Depending on the particular circumstances, sex discrimination, sexual harassment or sexual assault may include, but are not limited to, the following:
Physical assaults of a sexual nature, such as rape, sexual battery, molestation, or attempts to commit these assaults; and intentional physical conduct that is sexual in nature such as touching, pinching, patting, grabbing, poking or brushing against another individual's body.
Offering or implying an employment-related reward (such as a promotion, raise, or different work assignment) or an education-related reward (such as a better grade, a letter of recommendation, favorable treatment in the classroom, assistance in obtaining employment, grants or fellowships, or admission to any educational program or activity) in exchange for sexual favors or submission to sexual conduct.
Threatening or taking a negative employment action (such as termination, demotion, denial of an employee benefit or privilege, or change in working conditions) or negative educational action (such as giving an unfair grade, withholding a letter of recommendation, or withholding assistance with any educational activity) or intentionally making the individual's job or academic work more difficult because sexual conduct is rejected.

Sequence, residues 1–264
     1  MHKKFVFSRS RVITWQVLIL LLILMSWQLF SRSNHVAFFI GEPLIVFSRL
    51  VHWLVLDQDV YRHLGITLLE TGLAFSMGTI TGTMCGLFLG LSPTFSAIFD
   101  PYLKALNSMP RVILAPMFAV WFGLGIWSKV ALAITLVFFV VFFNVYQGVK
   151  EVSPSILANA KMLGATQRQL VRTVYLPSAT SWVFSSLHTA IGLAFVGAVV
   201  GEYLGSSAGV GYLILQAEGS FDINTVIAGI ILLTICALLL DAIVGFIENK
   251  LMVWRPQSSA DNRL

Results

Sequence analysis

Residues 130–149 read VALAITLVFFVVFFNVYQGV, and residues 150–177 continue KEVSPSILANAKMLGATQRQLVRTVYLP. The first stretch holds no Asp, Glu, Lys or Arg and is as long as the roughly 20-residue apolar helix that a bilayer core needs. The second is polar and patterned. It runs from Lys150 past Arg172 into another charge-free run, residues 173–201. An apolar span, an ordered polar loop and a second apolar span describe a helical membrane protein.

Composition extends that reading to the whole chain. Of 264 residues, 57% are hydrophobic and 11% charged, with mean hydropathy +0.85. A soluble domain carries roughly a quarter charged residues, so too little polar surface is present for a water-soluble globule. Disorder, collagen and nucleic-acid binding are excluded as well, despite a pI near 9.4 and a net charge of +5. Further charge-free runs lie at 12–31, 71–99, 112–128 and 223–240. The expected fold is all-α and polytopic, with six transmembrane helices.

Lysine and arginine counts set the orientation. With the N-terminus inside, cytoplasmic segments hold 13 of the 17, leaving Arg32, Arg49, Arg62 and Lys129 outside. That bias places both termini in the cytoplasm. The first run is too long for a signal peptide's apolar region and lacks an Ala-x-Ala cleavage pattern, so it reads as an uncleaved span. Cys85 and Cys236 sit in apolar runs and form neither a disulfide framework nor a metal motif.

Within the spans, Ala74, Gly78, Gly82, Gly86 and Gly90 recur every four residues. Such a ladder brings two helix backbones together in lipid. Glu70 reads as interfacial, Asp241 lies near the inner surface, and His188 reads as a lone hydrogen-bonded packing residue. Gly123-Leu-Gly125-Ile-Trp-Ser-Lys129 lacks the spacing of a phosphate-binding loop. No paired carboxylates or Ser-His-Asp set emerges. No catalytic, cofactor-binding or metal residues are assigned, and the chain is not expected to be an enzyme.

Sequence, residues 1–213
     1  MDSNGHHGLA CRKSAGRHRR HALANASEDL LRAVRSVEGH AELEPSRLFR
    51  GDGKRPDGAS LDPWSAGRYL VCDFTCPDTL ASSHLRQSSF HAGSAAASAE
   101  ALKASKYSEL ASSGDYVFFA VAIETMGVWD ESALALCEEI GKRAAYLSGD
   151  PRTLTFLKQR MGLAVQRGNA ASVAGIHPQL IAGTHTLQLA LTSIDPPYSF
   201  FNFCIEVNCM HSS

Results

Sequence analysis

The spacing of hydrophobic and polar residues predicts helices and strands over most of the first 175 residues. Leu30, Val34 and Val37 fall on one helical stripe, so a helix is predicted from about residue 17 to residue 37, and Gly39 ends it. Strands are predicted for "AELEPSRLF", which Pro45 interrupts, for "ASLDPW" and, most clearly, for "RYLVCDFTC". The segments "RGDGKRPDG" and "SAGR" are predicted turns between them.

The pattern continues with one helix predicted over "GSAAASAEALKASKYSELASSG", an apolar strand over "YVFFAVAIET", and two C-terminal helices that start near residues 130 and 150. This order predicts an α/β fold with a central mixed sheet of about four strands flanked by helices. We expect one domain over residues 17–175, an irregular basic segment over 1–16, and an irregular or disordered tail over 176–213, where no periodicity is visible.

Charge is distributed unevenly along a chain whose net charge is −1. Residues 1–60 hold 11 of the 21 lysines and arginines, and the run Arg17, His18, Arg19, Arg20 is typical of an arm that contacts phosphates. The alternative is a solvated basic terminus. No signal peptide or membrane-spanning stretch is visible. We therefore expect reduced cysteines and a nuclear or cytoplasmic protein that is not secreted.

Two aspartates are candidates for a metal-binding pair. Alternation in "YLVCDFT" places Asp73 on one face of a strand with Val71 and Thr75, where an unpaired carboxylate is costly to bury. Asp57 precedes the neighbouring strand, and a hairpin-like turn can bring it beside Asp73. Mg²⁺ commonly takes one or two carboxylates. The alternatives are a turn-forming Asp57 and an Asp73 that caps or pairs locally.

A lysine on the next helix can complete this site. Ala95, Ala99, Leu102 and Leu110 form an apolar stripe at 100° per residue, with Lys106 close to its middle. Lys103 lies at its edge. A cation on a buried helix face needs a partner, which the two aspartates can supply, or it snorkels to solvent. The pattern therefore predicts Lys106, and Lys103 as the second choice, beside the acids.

The use or display in the classroom or workplace, including electronic, of pornographic or sexually harassing materials such as posters, photos, cartoons or graffiti without pedagogical justification.
Unwelcome sexual advances, repeated propositions or requests for a sexual relationship to an individual who has previously indicated that such conduct is unwelcome; sexual gestures, noises, remarks, jokes, questions or comments about a person's sexuality or sexual experience. Such conduct between peers must be sufficiently severe, persistent or pervasive that it creates an educational or working environment that is hostile or abusive. A single incident involving severe misconduct may rise to the level of harassment.